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frankie Magazine Issue 104 - Nov/Dec 2021

frankie Magazine is an Australian bi-monthly with a difference. A niche-style title with mainstream appeal – filled with fashion, art, craft, music, cuteness and real-life inspiration – frankie is dedicated to uncovering the newest trends, celebrating the latest creative talents and delivering sharp, honest, laugh-out-loud stories their readers can relate to.

Country:
Australia
Language:
English
Publisher:
Nextmedia Pty Ltd
Frequency:
Bimonthly
$9.99 per month after trial

in this issue

1 min
my brain is telling me to be cool.

But let’s be real, being chill is overrated. This is my first issue as editor, and, look, I’m pretty damn psyched about it. It feels like just yesterday that I was hogging the stack of frankie mags at my local library, poring over every word and picture inside. If you had told 15-year-old me that I’d one day be editing those very pages, I would have waved you off. I want to thank frankie’s top-notch former editors, Sophie Kalagas and Jo Walker, for showing me the ropes these past three years. I’ll admit, sitting in the big chair is daunting. But as the folks in this issue demonstrate, it pays to chase what you love and give it a red-hot go, whether you’re turning a vending machine into a creative business…

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24 min
dear frankie

Dearest frankie, I’m wondering if my sister is writing for you and hiding behind the identity of Lisa Marie Corso. Either that or the two of them should form a joint national coaster-police force. I’m sure wooden tables everywhere are singing Lisa’s praises for saving their glossy backs. Much love, Tegan xx Dear frankie, All it took to discover you were 108 days in lockdown and a random urge to pick up a now-foreign object to my generation: a magazine. I loved the diversity and originality of the stories in issue 103, and I particularly enjoyed being introduced to Sue Butler in Emma Do’s article. I never pondered much about who creates dictionaries, and even so, I would have pictured a group of older men sitting around a table. I’m glad…

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6 min
mullets through the ages

ancient roots If your mullet ever cops a bit of flack from judgy relatives (or those who think the cut is just for bogans and young ne’er-do-wells) hit them with its historic bona fides. Ancient Greek poet Homer is credited with the first written mention of the style back in the eighth century BC. We’d have to wait another couple millennia for someone to coin the actual term ‘mullet’, but it does pop up in Homer’s opus The Iliad. He describes a group of spearmen, the Abantes, as having “their forelocks cropped, hair grown long at the back”. While Homer was neutral on the look, sixth-century Byzantine scholar Procopius was less impressed. He saw it on the noggins of rowdy chariot-racing fans wreaking havoc in Rome (think of them as the…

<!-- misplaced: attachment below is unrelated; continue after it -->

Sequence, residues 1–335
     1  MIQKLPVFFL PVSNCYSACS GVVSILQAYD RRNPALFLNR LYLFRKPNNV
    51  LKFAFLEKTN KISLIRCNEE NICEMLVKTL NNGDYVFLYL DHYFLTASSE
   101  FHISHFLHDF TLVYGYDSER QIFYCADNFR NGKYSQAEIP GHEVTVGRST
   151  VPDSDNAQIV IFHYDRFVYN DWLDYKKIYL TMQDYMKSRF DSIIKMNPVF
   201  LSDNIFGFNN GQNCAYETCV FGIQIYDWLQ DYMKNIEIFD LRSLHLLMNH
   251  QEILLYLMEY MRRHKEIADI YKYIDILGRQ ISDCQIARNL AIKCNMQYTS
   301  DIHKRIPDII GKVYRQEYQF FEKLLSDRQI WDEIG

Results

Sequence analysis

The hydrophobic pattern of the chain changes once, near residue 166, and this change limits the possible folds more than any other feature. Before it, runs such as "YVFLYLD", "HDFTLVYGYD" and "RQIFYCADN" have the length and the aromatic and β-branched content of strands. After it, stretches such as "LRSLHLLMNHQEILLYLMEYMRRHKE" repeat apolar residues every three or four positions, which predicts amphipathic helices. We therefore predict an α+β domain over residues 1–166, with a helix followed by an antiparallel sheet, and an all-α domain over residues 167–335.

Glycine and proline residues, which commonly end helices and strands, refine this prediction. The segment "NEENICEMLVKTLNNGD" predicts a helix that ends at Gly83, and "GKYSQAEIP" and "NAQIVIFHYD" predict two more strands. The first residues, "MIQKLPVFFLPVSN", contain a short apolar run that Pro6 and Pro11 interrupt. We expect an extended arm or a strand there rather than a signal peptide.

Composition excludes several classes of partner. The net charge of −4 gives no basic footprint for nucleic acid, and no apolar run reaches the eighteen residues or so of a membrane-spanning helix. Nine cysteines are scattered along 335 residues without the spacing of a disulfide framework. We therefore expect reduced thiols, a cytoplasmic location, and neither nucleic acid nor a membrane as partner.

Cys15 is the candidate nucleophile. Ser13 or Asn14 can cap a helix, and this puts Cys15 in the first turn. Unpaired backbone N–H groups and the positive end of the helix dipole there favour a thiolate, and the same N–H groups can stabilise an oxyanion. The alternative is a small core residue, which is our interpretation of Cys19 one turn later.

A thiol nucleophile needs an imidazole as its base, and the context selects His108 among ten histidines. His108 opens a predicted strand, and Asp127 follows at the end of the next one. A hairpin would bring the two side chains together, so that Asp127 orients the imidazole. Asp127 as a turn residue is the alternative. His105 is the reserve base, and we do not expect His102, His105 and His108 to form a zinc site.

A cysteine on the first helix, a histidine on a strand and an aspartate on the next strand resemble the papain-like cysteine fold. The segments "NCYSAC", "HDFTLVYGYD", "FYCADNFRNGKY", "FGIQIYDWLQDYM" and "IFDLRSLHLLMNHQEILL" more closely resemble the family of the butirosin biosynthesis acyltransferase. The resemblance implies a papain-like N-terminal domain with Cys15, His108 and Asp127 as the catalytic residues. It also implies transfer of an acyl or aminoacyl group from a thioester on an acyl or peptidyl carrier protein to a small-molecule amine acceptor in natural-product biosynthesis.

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6 min
writing with fire

There’s a scene in Writing with Fire where a young journalist called Shyamkali has a little moan about how hard it is for her to make deadlines. The doco film shows us she’s been trained to shoot and edit video on her phone for Khabar Lahariya, India’s only all-female media outlet. Her team has been expanding through social media, chasing clicks on Facebook and YouTube with hard-hitting local news. They’re pissing off people in power, even though they were born with none: as women of the Dalit caste, they are considered untouchable by many Indians. It’s extraordinary that Shyamkali has a voice at all – let alone a platform for her stories – but the reason she’s struggling with deadlines is much more basic. Shyamkali lives in a slum, and there’s…

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3 min
gunia project

How did Gunia Project begin? Maria Gavryliuk: Natalia and I met more than 10 years ago while working in the fashion industry. Both of us eventually became tired of its pace, overproduction and cyclical nature. Natalia ended up leaving fashion and volunteered with the Ivan Honchar Museum, an ethnographic museum in Kyiv, Ukraine. Natalia Kamenska: We established Gunia Project together in 2017. Our goal is to popularise Ukrainian art and craft, and tell as many people about it as possible. What does Gunia Project make? MG: Ceramics, hand-blown glass, carpets, vine wickerwork, candles, jewellery, and accessories made using various hand embroidery and knitting techniques. How did Ukrainian craft become a focus for you? NK: It’s interesting because we were both inspired by foreign culture early on in our careers. We would study…

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3 min
handle with care

You’re in line at the school canteen on an absolutely scorching day with 30 cents in your pocket – just enough for a Zooper Dooper, heck yeah! There are dozens of the yellow variety left and only a few of the other colours. Do you pick a flavour you’ll actually enjoy, such as bubblegum or cola? Or do you pick the yellow one, even though no one likes it and it’s the worst flavour in the history of space-themed icy-poles? Of course you pick the yellow one! You don’t want it to feel left out! It might feel sad if it’s left there to languish on the bench for the entire lunchtime. It might cry if it’s placed back in the freezer for the 100th day in a row. Yes, icy-poles…

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